Shoujo anime is my comfort food. It’s what I turn to when I’m feeling kind of down. I’ve written about how I’m not a fan of hate-watching, the term or the concept, but sometimes when I watch silly shoujo anime, I feel a twinge of guilt. It’s not because I’m embarrassed by it, but because of the cognitive dissonance that happens when you love something that doesn’t really align with your values. Shoujo, for the uninitiated, is a genre of anime and manga aimed at teen girls. Shoujo literally means girl in Japanese, and anime classics like Sailor Moon and Fruits Basket fall into this category.

My knowledge of shoujo is not exhaustive, and I’ve certainly seen anime that represents female characters well. Shoujo tells stories primarily about women, which is wonderful, but the older I’ve gotten and the more times I’ve watched my old shoujo standbys, the more I’ve realized that these anime may not be telling stories about women fairly. One anime that I come back to every year is everybody’s favorite reverse-harem show, Ouran High School Host Club. If you’re not familiar with it, the gist is that the main character Haruhi cross-dresses at school and is in a club with a bunch of handsome guys. Haruhi is funny and well-rounded and she has great relationships with the guys in the Host Club. But the problem is—she’s pretty much the only girl in the anime. There are some trope-y female side characters like Renge, who’s obsessed with making the Host Club’s actions fit her rom-com narrative, and as a whole, the women in the background are portrayed as gullible and trivial. Haruhi is the exception: she’s “not like other girls,” and that kind of approach does a disservice to women.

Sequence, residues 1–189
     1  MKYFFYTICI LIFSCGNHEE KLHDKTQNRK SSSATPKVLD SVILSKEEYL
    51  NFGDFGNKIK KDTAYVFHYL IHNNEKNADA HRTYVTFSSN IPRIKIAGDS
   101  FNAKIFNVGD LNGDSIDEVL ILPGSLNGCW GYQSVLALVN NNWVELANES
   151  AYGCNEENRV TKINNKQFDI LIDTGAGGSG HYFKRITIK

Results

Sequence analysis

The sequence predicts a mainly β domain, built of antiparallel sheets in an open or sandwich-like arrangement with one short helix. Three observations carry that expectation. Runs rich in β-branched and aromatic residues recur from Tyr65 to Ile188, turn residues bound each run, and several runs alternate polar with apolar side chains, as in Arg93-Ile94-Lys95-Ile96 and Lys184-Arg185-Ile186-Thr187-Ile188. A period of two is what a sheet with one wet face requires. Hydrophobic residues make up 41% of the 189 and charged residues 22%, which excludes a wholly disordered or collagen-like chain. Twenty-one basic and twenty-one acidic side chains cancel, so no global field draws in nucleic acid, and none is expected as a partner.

kamisama kissShoujo is usually romantic comedy, and the romance is where it gets women most wrong. Our lovely senior editor Olivia recently recommended the show Kamisama Kiss  to me, and I devoured it. The main character Nanami is an autonomous and emotionally tough demigod, but just when you think that the show is headed in an awesome female-empowerment direction, Nanami falls in love with her fox-god familiar. Then she becomes about as empowered as a puddle. She blushes in front of him and is constantly worrying about what he thinks of her. The show is still fun, but it’s also filled with moments that make me groan. Like a lot of shoujo, it promotes a very adolescent view of romance that shows the main character falling all over herself to please a guy.

If you’re looking for a feminist statement, shoujo is probably not where you’re going to find it. It occupies this weird space vacillating between empowering and totally sexist. It can turn from fun to infuriating in a split second. My best hope is that the genre continues to evolve with public opinion and offer a platform for complex young female characters.

Images via FanPop.